According to a new study, prolonged episodes of hypoxemia among extremely preterm infants during the first 2 to 3 months after birth were associated with an elevated risk of disability or death at 18 months.
Christian F. Poets, MD, of Tuebingen University Hospital in Germany, and colleagues aimed to examine the connection between intermittent hypoxemia or bradycardia and death or disability. The study included 1,019 infants with gestational ages of 23 weeks 0 days through 27 weeks 6 days who were born between December 2006 and August 2010 and survived to a postmenstrual age of 36 weeks, according to a Medical Xpress report.
The researchers conducted follow-up assessments that occurred between October 2008 and August 2012. The team used data from infants who were part of the Canadian Oxygen Trial. The average percentages of recorded time with hypoxemia for the least and most affected 10% of infants were 0.4% and 13.5%, respectively, and corresponding values for bradycardia were 0.1% and 0.3%. The Medical Xpress news report indicates the primary outcome (a composite of death after 36 weeks’ post menstrual age, severe hearing loss, blindness at 18 months, motor impairment, cognitive or language delay) was ascertained for 972 infants and present in 414.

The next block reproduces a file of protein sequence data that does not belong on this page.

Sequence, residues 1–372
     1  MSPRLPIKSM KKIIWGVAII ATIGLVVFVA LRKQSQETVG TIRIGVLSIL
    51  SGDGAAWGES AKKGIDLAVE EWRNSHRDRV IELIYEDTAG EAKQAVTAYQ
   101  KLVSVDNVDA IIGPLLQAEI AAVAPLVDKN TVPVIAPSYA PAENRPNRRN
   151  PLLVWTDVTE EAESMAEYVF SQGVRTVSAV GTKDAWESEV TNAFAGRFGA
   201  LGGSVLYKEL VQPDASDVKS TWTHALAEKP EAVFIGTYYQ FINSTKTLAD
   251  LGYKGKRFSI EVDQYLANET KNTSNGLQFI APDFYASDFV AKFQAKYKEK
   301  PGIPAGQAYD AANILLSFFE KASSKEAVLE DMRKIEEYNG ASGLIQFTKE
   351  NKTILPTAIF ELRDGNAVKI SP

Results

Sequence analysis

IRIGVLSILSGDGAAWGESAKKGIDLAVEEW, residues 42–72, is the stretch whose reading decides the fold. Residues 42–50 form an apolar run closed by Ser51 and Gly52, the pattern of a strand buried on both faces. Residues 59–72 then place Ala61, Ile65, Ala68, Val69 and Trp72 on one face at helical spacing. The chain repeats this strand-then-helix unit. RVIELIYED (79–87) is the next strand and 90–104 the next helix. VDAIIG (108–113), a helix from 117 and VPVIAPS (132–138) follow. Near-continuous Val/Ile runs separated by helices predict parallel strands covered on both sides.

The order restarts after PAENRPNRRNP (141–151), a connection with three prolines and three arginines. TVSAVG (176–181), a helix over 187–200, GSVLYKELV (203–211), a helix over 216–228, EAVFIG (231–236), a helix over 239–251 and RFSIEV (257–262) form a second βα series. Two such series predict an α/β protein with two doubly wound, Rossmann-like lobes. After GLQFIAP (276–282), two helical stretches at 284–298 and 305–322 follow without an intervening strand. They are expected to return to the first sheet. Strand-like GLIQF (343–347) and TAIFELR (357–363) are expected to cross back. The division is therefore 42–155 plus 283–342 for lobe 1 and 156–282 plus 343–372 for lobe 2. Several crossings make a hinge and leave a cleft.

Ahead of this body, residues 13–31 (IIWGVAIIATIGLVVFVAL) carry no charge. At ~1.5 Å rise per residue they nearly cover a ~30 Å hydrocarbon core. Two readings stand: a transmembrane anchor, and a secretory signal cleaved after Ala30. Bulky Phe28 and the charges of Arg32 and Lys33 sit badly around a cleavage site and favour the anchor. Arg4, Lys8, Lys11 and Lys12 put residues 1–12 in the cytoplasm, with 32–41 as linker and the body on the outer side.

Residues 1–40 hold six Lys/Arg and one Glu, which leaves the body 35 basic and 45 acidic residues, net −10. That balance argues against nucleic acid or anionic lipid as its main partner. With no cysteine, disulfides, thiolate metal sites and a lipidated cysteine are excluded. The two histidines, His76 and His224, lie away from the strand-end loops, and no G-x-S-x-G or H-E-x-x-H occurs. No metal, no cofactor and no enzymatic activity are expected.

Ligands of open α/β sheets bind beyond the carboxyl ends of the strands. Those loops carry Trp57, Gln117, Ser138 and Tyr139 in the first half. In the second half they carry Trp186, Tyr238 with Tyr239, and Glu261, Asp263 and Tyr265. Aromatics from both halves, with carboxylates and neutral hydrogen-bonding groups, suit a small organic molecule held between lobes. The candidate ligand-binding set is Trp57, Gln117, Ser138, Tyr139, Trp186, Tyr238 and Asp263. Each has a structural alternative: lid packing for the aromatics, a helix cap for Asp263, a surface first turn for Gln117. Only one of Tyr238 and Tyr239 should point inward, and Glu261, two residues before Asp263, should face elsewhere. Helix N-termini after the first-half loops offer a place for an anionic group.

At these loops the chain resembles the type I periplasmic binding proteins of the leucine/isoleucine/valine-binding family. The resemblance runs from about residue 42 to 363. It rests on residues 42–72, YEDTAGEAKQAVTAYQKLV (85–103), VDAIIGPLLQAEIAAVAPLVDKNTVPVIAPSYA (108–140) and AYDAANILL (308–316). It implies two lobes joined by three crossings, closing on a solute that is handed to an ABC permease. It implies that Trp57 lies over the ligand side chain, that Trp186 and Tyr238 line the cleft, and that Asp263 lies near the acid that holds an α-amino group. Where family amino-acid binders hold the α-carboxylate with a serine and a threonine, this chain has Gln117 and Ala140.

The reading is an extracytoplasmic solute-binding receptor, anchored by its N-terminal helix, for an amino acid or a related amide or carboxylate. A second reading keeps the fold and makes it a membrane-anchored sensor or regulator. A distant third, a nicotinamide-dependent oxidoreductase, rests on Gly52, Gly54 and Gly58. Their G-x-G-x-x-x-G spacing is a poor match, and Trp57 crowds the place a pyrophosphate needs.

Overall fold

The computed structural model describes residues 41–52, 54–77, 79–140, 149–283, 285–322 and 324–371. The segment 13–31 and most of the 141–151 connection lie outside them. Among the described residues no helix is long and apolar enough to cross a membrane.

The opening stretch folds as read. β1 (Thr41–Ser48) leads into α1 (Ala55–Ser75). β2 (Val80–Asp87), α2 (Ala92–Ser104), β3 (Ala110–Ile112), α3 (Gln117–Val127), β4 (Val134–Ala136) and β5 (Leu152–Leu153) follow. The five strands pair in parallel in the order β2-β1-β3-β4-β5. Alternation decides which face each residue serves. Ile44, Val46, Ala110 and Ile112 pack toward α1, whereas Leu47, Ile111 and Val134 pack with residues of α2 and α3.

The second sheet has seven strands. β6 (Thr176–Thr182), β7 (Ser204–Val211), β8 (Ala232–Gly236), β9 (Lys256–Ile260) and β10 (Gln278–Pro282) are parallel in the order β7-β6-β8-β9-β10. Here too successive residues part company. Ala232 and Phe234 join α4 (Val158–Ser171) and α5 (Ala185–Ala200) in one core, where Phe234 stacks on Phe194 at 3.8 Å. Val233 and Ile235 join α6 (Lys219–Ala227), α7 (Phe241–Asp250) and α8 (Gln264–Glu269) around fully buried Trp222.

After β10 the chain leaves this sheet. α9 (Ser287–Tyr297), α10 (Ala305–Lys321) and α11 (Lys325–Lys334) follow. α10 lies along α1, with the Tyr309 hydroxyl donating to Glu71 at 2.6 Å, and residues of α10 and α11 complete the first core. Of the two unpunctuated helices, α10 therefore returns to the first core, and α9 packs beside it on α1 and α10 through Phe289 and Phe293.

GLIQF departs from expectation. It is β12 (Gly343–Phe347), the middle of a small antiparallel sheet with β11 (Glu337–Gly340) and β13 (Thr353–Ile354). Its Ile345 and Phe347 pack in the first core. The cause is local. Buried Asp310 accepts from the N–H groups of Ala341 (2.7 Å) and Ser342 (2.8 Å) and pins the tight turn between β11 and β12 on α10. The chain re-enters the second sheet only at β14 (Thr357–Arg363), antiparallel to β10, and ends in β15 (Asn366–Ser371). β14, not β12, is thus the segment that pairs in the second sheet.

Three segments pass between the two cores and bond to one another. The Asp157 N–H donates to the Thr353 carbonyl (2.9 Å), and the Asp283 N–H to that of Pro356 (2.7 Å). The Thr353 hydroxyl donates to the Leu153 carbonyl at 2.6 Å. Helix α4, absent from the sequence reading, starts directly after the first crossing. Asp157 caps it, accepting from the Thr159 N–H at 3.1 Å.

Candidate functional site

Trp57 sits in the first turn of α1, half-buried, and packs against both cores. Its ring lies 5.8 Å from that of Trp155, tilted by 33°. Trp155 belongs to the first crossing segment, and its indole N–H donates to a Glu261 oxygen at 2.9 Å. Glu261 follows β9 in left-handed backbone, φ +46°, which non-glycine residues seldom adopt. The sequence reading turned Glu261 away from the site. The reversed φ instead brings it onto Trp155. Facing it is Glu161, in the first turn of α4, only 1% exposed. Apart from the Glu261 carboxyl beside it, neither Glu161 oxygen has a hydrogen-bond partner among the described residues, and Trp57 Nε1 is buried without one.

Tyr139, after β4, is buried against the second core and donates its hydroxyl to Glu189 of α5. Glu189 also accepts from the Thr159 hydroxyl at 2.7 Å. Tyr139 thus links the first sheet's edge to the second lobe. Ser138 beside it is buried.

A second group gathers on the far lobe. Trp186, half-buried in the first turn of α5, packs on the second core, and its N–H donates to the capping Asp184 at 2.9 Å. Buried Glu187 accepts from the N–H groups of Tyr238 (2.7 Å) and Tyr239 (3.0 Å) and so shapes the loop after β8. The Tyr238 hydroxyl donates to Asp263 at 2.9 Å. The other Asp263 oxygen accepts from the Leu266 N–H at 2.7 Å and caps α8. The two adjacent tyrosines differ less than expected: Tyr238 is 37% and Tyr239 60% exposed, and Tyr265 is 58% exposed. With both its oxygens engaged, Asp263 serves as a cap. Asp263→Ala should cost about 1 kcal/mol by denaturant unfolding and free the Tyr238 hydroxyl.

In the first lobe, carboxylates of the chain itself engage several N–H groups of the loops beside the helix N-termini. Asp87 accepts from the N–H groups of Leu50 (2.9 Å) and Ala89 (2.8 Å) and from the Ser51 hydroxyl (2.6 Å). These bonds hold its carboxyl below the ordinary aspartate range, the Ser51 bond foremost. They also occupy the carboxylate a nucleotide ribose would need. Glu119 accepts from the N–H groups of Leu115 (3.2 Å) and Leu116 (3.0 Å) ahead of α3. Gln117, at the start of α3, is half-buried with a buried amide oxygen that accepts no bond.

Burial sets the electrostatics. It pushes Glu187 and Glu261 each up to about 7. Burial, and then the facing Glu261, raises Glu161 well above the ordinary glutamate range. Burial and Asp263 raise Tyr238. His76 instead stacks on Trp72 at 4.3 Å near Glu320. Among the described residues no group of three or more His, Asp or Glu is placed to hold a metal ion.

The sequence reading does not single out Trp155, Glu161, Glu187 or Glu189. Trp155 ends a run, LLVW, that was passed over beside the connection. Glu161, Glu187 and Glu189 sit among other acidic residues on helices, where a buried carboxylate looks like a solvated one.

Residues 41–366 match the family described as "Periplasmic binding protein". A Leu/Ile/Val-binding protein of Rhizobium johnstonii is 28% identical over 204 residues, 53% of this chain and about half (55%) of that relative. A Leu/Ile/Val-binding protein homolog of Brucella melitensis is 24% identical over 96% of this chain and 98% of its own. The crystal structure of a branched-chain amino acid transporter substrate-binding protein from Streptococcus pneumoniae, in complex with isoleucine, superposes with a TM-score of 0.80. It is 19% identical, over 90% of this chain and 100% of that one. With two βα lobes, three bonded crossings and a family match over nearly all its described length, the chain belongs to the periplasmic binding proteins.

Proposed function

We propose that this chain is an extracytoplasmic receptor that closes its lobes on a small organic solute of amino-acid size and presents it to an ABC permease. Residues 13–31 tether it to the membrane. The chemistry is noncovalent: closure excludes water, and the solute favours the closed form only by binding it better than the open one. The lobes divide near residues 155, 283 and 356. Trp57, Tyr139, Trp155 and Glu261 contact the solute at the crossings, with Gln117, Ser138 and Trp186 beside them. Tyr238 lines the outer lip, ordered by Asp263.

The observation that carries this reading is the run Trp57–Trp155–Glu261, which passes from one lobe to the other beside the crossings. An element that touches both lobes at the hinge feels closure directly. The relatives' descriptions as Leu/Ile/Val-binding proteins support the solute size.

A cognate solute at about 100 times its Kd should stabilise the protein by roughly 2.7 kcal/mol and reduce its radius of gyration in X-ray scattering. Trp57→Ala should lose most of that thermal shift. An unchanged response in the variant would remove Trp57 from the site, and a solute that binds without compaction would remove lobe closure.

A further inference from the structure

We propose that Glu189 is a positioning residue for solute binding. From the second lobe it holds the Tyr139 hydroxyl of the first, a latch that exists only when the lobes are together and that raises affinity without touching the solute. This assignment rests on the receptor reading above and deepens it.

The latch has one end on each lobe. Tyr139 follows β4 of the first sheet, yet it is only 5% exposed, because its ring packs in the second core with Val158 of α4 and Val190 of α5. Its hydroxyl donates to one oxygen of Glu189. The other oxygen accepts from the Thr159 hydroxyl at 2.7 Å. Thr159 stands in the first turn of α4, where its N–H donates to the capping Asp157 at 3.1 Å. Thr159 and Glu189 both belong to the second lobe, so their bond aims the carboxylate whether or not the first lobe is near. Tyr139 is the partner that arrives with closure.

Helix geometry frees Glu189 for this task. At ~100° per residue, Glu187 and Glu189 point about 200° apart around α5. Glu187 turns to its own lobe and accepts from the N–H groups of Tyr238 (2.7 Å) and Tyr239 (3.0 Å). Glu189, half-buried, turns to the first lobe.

Hypoxemic episodes were linked with an estimated increased risk of late death or disability at 18 months of 56.5% in the highest decile of hypoxemic exposure vs 37% in the lowest decile. The Medical Xpress report notes the association was significant only for prolonged hypoxemic episodes lasting at least 1 minute. Relative risks for all secondary outcomes were similarly increased after prolonged hypoxemia.
The researchers write, “If these observations are confirmed in future studies, further research on the prevention of such episodes will be needed.” The authors add that should the observation be confirmed in future research that episodes of hypoxemia lasting less than 1 minute are not associated with adverse outcomes in extremely preterm infants, this would be important information for both clinicians and parents.
In an accompanying editorial, Lex W. Doyle, MD, writes, “If hypoxemia is proven to cause adverse neurodevelopment, any future interventions to reduce prolonged hypoxemic episodes, such as doxapram [a respiratory stimulant] or higher doses of caffeine, as suggested by Poets et al, must be evaluated in rigorous randomized clinical trials to minimize exposure to therapies that are useless or even harmful.”
Source: Medical Xpress